communication sciences and disorders

In the Midtown neighborhood of Springfield, the Ujima literacy program is helping to improve children’s literacy.

Ujima, a Swahili word that means collective work and responsibility, is an effort made possible by several organizations. They include Missouri State University, Springfield Public Schools, Springfield NAACP, Springfield-Greene County Library, Parents as Teachers and the Bartley-Decatur Neighborhood Center.

We take so much for granted each day. One of those things is the ability to hear and effectively communicate.

According to the American Speech Language and Hearing Association, May is better hearing and speech month. Jennifer Kerr, clinical assistant professor in the department of communication sciences and disorders, and Lauren Jones, director of the Speech, Language and Hearing Clinic, share about the resources at the Speech, Language and Hearing Clinic at Missouri State.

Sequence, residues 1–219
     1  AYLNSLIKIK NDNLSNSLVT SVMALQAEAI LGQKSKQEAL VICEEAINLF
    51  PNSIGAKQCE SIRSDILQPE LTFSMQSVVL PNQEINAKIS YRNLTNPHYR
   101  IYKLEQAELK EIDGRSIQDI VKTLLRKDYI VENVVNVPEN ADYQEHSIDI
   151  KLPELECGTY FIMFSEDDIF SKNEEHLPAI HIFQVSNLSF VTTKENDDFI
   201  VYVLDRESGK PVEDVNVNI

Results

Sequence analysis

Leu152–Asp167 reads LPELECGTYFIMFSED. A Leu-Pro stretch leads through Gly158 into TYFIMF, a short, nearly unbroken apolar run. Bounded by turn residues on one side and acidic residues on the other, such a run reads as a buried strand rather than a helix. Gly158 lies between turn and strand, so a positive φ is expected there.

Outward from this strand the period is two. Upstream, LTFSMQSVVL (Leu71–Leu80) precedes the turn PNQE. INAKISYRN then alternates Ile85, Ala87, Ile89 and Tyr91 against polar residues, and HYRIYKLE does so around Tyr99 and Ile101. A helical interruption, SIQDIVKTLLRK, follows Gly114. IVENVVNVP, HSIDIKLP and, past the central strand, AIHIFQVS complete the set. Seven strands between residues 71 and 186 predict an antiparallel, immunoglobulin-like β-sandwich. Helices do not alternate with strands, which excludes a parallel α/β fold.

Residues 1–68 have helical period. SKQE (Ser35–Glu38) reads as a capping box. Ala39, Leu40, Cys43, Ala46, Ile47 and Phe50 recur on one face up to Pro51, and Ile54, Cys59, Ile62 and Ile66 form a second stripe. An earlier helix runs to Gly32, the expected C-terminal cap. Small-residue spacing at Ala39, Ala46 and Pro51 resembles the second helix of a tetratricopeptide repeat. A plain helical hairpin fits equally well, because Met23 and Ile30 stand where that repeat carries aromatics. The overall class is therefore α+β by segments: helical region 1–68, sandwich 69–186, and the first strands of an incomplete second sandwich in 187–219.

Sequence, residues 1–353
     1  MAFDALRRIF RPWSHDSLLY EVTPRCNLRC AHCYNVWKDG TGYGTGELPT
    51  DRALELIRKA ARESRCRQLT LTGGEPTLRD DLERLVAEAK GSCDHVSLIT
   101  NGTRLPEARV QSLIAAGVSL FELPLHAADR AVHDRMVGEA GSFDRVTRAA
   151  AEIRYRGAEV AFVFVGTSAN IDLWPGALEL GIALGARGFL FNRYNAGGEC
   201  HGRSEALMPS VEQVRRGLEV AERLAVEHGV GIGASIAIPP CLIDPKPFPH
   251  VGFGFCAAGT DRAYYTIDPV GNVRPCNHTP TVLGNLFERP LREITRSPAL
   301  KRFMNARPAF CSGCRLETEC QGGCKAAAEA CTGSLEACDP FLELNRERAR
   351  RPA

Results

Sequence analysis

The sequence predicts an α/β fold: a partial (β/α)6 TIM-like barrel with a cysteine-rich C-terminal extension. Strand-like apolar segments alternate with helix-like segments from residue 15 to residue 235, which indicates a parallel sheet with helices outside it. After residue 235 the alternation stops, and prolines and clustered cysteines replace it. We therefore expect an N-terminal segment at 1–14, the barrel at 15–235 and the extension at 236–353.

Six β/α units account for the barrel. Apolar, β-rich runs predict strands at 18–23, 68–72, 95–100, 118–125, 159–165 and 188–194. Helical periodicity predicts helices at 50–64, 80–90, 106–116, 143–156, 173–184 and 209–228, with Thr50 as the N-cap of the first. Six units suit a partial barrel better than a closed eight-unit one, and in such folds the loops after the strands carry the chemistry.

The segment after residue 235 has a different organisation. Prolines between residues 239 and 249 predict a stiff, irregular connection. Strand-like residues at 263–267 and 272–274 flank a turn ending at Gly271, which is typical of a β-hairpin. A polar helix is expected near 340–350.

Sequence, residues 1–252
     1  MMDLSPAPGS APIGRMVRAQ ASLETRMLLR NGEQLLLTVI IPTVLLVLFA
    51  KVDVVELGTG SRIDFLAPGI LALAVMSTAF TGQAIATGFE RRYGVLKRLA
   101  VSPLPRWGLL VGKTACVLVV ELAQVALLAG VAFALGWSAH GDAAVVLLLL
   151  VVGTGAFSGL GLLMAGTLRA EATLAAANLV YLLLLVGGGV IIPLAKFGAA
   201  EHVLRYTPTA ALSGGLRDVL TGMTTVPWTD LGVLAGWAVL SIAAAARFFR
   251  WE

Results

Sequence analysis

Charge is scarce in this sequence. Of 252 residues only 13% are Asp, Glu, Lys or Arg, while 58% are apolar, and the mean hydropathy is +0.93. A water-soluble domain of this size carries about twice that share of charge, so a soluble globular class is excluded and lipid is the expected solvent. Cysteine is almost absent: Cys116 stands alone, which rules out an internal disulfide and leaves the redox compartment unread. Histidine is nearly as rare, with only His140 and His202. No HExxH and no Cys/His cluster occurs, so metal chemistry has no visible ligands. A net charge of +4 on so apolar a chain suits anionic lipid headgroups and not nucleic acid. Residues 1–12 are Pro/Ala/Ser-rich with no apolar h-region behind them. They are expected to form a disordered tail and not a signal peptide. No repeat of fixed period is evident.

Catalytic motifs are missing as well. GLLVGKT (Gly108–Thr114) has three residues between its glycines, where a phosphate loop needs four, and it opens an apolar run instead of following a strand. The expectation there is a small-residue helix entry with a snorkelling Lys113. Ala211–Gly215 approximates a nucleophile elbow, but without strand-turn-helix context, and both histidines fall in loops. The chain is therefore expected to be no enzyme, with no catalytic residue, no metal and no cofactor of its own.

Speech, spelling, reading and phonics: They are all interrelated and essential to academic success. Dr. Julie Masterson, dean of the Graduate College at Missouri State University, is an internationally known expert in the area and author of “Beyond Baby Talk: From Speaking to Spelling: a Guide to Language and Literacy Development for Parents and Caregivers.” 

When her then second-grade son began having difficulty with spelling, Masterson refused to accept the idea that individuals could not improve a skill or that it was normal.

Getting ready for the first day of kindergarten shouldn’t be just about shopping for school supplies; it should be a process of talking to and reading to children regularly from birth. In fact, no other activity is as highly associated with school preparedness or eventual academic success as literacy, according to the U.S. Department of Education.